SOCI-202 Sociological Theory
Fall for 2017-2018
Spring for 2017-2018
TR 2:00 – 3:15pm
Walsh 391

This course is an introduction to sociological theory, explanations for what social life is like (empirical arguments) and what social life should be like (normative arguments). The discipline began during a time of incredible social change, in the 19th and early 20th centuries. We will read the “classical” sociological works of Durkheim, Marx, Simmel, and Weber, as well as some contemporary theoretical developments. Our goals are twofold: a) to understand the arguments the authors make, and b) to see how these arguments relate to current issues and events in our own society. During class time, we will be discussing real-life examples and engaging in assignments that relate to the theories; these are meant to inspire you to see how these social theories can be used to explain phenomena that we are familiar with.
Credits: 3
Prerequisites: SOCI-001


SOCI-202-01 Sociological Theory
Fall for 2017-2018
MW 12:30 - 1:45 PM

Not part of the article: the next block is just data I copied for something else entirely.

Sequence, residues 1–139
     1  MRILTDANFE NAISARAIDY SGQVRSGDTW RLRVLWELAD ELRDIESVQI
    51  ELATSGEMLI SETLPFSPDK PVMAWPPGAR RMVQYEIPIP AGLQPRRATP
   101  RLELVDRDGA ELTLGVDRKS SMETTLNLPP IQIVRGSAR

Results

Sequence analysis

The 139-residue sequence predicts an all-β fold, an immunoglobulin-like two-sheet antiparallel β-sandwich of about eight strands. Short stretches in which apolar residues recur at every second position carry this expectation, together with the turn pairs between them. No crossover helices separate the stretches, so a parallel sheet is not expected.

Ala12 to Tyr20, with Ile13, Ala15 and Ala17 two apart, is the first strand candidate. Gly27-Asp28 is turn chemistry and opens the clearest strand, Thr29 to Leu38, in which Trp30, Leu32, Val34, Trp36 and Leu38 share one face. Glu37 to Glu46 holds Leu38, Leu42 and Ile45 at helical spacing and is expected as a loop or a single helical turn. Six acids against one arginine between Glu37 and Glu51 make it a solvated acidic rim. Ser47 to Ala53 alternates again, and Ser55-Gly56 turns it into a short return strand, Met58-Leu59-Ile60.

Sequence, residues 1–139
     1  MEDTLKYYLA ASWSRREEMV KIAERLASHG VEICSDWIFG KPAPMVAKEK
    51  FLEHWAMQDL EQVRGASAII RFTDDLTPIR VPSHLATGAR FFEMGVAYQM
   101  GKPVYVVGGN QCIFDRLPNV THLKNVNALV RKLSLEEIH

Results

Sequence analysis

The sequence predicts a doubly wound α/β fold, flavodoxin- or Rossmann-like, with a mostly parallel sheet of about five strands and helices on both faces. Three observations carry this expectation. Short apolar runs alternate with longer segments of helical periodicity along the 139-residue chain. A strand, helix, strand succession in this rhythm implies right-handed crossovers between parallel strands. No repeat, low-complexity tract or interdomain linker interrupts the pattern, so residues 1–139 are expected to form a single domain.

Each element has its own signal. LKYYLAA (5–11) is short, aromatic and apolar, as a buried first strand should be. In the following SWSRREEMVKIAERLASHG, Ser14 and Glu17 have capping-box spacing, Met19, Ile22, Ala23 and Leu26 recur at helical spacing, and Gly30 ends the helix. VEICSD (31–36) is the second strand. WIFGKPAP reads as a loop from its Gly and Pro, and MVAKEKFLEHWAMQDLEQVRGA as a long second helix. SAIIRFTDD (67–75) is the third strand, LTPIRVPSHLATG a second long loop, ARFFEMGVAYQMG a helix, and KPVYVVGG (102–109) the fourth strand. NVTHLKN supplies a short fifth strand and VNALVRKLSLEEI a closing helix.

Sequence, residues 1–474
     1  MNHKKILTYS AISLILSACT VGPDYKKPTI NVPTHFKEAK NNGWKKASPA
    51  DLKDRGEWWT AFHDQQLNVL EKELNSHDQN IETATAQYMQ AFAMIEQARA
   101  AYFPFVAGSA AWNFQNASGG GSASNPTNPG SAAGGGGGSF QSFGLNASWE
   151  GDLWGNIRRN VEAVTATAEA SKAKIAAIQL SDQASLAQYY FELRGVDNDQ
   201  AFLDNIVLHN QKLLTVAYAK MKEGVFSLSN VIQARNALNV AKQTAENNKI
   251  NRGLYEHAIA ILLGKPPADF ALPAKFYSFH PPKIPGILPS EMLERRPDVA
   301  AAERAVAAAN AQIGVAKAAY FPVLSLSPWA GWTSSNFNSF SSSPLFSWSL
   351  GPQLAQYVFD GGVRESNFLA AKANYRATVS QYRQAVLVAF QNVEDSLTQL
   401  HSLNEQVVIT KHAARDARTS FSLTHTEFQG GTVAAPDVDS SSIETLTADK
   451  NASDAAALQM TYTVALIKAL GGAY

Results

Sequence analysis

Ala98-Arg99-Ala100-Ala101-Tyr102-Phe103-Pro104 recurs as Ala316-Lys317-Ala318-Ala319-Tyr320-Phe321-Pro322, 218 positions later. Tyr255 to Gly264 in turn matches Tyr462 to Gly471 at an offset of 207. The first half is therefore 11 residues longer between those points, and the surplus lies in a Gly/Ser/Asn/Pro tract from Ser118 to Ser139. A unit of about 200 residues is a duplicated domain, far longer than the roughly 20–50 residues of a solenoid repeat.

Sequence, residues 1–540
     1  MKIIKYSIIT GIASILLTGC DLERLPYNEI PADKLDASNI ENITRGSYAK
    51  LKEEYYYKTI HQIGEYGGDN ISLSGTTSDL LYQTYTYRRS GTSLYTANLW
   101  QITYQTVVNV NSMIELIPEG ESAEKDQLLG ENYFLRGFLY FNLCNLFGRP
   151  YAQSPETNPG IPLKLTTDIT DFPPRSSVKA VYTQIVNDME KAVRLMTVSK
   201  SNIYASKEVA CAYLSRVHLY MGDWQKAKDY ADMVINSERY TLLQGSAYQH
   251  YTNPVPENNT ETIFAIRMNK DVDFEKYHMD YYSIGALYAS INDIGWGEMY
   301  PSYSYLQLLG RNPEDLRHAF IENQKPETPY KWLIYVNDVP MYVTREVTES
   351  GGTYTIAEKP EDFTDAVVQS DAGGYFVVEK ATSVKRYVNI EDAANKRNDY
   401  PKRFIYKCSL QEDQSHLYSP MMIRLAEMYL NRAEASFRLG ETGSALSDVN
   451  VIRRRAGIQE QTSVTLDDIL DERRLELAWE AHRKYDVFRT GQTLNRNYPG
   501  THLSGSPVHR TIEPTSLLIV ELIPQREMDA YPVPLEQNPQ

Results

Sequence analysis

This course examines major theories of society exemplified in the work of sociological theorists. We will give special emphasis and about half of the term to those classical theorists whose insights formed the foundation of contemporary sociology: Karl Marx, Max Weber, and Émile Durkheim. In the latter part of the course we will survey and "map out" a variety of contemporary perspectives on society--most are heavily indebted to those three classical roots--including symbolic interactionism and its variants, structural-functionalism, conflict and exchange theories, neo-Marxisms and critical theory, feminism, and varied approaches to culture. In addition, we will give some attention to the social and organizational contexts in which classical and contemporary theory have emerged.

The writing for the course will consist of a series of short writing assignments, numbering eleven in all. You may skip three (3) of these; thus you will have to write eight (8) of these in all, together contributing 80% of your final grade. Each assignment will be either (1) a short essay (ca. 3 pages) or (2) a series of roughly paragraph-length answers to a series of questions I pose to you.

Required Bookstore Texts: Robert C. Tucker, ed., The Marx-Engels Reader, 2d ed. only; From Max Weber: Essays in Sociology, eds. Gerth & Mills. Émile Durkheim, Suicide: A Study in Sociology; Peter Kivisto, Social Theory: Roots and Branches Readings, 4th ed. only (2011). Plus many Blackboard readings.
Credits: 3
Prerequisites: Sociology Majors and Minors Only
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